Graeme Clark, a regular contributor to The Spinning Image, believes the prospect of directing a Bond film is right up Spielberg’s alley: “Sam Mendes showed with Skyfall that just because a director takes on a multi-million dollar franchise it doesn't mean that his style should be lost in the process. Before that, Bond movies were very much producer-led, with a selection of talent who could be used by the brand to create blockbusters very much in the fashion of what had gone before, yet Mendes combined both the corporate and the individual, something Steven Spielberg could achieve very well on past evidence of his own franchises. Would he make it an identifiably Spielbergian work in the way Quentin Tarantino wanted to make an entry in the series his own? I think he could; he has proved himself in that area. Rather that than remaking West Side Story.”

Roderick Heath, from Ferdy On Films, while sure that a Spielberg-directed Bond picture would have remarkable action sequences, echoes my uncertainty as to how Spielberg would address the problem of character.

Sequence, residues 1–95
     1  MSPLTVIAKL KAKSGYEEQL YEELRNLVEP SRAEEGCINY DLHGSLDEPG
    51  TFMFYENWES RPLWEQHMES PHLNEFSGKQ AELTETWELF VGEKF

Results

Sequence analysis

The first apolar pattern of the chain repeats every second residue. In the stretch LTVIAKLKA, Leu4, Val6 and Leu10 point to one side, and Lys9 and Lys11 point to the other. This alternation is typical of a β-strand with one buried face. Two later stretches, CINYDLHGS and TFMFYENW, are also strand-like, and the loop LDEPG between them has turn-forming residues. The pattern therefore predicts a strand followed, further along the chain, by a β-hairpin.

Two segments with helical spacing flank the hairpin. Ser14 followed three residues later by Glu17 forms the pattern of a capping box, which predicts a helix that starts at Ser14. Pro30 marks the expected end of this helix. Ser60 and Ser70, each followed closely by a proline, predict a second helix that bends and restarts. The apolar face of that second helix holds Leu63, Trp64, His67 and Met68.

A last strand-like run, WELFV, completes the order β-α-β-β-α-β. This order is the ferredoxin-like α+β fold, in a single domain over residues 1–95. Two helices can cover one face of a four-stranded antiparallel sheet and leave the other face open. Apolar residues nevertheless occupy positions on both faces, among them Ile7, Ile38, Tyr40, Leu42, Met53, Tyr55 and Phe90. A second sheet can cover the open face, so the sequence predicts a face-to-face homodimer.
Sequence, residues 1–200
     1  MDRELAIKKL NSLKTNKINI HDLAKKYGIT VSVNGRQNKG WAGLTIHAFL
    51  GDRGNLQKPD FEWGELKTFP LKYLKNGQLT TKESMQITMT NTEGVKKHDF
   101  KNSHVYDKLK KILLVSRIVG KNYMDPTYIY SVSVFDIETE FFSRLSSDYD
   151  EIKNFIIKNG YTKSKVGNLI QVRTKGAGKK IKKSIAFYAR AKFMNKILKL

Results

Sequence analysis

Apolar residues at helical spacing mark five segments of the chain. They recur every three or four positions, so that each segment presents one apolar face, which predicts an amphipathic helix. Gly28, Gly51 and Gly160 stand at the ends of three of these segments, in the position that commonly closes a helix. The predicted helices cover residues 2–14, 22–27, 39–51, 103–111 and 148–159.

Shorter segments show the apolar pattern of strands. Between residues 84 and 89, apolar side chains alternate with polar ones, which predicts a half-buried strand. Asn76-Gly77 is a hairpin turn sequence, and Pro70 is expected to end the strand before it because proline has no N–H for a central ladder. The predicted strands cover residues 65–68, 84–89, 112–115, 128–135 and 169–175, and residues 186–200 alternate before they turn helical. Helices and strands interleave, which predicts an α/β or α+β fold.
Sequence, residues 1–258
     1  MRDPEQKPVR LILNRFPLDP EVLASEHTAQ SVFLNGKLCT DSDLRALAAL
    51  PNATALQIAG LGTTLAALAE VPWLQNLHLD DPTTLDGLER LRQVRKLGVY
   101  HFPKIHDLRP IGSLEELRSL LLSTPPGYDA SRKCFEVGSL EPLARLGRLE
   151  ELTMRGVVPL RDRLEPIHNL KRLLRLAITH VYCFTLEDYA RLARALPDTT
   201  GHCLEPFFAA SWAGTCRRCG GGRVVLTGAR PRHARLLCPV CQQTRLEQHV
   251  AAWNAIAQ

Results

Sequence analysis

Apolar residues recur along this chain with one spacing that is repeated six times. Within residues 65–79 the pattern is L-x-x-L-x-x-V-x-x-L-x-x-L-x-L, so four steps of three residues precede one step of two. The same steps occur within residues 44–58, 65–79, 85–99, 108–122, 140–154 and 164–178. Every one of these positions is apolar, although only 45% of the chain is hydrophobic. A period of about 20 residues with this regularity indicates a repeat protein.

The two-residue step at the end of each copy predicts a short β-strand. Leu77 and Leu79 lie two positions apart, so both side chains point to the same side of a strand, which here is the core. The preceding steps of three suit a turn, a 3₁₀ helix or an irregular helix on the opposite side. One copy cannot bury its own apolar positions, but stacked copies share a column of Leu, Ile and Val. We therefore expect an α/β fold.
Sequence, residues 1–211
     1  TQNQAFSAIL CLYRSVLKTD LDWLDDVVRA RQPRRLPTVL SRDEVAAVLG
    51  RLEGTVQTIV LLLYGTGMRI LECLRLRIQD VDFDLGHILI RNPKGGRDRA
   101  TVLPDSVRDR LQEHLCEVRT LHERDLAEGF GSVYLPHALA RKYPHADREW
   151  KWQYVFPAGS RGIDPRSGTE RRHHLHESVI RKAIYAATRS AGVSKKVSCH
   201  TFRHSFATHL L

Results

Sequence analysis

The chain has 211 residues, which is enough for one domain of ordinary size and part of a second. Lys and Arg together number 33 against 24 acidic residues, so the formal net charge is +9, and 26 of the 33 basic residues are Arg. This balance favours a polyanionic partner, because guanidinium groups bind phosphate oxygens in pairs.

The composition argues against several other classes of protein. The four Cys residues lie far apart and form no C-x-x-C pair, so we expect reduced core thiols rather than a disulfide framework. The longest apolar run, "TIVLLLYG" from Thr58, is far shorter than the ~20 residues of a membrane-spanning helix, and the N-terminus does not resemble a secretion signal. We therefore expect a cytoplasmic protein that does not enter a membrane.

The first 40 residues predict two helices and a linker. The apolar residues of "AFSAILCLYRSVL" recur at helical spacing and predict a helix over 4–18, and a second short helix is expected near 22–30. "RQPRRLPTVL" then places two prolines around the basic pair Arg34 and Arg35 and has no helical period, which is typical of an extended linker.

“We can only imagine at this point what Spielberg's take on 007 will be,” he writes, “although considering that the Indiana Jones films were in part homages to the classic Bond films, it's not so hard to picture. What I expect from Spielberg is great action, certainly—I see Spielberg's gift for creating action sequences lending the series a formal discipline and sense of spectacle that's deserted it in recent years. The Bond films have been moving closer to standard-issue Bourne-era action fare of late, whereas I see Spielberg bringing back some of the high-flying stunt work and ingeniously composed and sustained thrills and spills.

“He might even lend his installment a strong dash of Catch Me If You Can's sense of retro chic and stylized jet-setter glamour, as a nod to the Bond series' roots in the pop-art '60s. What's harder to predict is how Spielberg will approach Bond's character, as aspects of the Bond mystique seem intriguingly at odds with Spielberg's familiar worldview. Bond, rootless, sensually voracious, eternally cool in dealing out death and destruction, is definitely not one of Spielberg's usual suburban heroes. But Spielberg knows his way around darker thriller stuff too, as Minority Report proved, and he might gaze just a little bit harder to see the human behind Bond's omnicompetent mask.

“At least, as far as the iconic character permits.”